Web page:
Sunday, August 29, 2010

Embryo Transfer Technology in Cattle

Embryo Transfer Technology in Cattle
According to history, an Anglia’s man named Walter Heape is credited with the first successful transfer of embryos.

In 1890, he reported the birth of two Angora rabbits resulting from embryos that had been transferred into a Belgian doe.

Embryo transfer, especially in the cattle industry, has become a fairly well established technology in recent years.

In cattle, the process involves the flushing of embryos from the reproductive tract of desirable donor cows and implanting them in other cows that may be of lower quality.

The desirable cows can produce many embryos through a process celled superovulation.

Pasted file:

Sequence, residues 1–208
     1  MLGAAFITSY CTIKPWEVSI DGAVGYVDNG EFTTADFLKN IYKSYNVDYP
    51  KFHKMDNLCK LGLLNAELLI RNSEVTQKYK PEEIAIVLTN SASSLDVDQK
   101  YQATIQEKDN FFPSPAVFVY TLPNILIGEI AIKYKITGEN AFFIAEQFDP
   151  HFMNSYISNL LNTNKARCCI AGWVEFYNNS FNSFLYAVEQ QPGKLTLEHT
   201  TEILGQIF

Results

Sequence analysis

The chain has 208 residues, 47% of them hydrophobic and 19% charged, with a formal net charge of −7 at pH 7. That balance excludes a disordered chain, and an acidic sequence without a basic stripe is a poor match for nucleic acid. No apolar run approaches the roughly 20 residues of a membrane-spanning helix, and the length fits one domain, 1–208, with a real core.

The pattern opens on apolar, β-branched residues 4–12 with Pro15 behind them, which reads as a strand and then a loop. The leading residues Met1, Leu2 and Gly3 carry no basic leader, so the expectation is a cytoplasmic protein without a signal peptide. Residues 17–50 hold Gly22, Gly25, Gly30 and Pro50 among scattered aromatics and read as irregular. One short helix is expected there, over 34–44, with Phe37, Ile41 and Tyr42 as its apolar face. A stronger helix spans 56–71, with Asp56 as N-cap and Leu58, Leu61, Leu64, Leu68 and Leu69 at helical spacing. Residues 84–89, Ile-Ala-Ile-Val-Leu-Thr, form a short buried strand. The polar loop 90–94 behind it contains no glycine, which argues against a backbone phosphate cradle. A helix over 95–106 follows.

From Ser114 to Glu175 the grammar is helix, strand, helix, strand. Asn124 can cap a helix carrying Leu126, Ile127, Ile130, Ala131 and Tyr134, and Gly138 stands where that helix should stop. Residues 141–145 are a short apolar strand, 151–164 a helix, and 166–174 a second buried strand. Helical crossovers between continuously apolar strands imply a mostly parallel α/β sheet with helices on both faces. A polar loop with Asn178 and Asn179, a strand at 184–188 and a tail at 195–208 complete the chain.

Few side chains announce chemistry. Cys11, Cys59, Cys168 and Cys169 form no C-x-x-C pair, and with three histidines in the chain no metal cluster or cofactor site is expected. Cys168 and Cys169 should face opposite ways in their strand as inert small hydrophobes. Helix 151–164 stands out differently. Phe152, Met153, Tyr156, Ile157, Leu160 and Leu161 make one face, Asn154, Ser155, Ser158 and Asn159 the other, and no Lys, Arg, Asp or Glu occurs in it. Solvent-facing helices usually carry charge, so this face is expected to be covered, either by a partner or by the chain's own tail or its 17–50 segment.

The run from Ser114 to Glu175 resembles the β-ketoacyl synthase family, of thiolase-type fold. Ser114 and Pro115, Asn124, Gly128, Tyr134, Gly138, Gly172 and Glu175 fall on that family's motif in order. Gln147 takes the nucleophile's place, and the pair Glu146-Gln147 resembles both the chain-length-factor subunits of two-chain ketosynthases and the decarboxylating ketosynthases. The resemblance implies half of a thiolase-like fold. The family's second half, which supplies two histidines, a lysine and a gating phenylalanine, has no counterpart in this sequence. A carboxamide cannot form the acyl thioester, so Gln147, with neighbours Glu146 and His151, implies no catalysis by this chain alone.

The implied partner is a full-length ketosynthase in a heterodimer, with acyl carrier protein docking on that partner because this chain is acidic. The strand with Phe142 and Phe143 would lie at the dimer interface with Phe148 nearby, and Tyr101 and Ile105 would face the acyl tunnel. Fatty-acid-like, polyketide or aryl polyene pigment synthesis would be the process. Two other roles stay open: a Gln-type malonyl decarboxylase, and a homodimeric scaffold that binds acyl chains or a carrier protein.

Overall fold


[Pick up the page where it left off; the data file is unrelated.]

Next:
By utilizing this technology, it is possible to produce many more offspring from desirable cows than would be possible if the cows had to carry each embryo to term before producing another one.

The transplanted embryos carry the desirable genetic traits of the donor cow even though they are carried to term in lower quality host cows.

Other advantages of embryo transfer technology:
  • Proving the productivity of dams ad sires more quickly because of the increased number of offspring in a shorter period of time.
  • Extending the productive life of a female that has been injured and can no longer carry offspring to term.
  • Ability to import and export desirable genetic traits with embryos when the animals cannot be imported or exported because of potential diseases problems.
  • Faster genetic improvement in the herd.

Because of the current high cost of embryo, its use is generally limited to breeding stock possessing highly desirable genetic traits.

When the cost of the procedure is reduced embryo transfer may become more common for the average cattle raiser or dairy farmer.
Embryo Transfer Technology in Cattle

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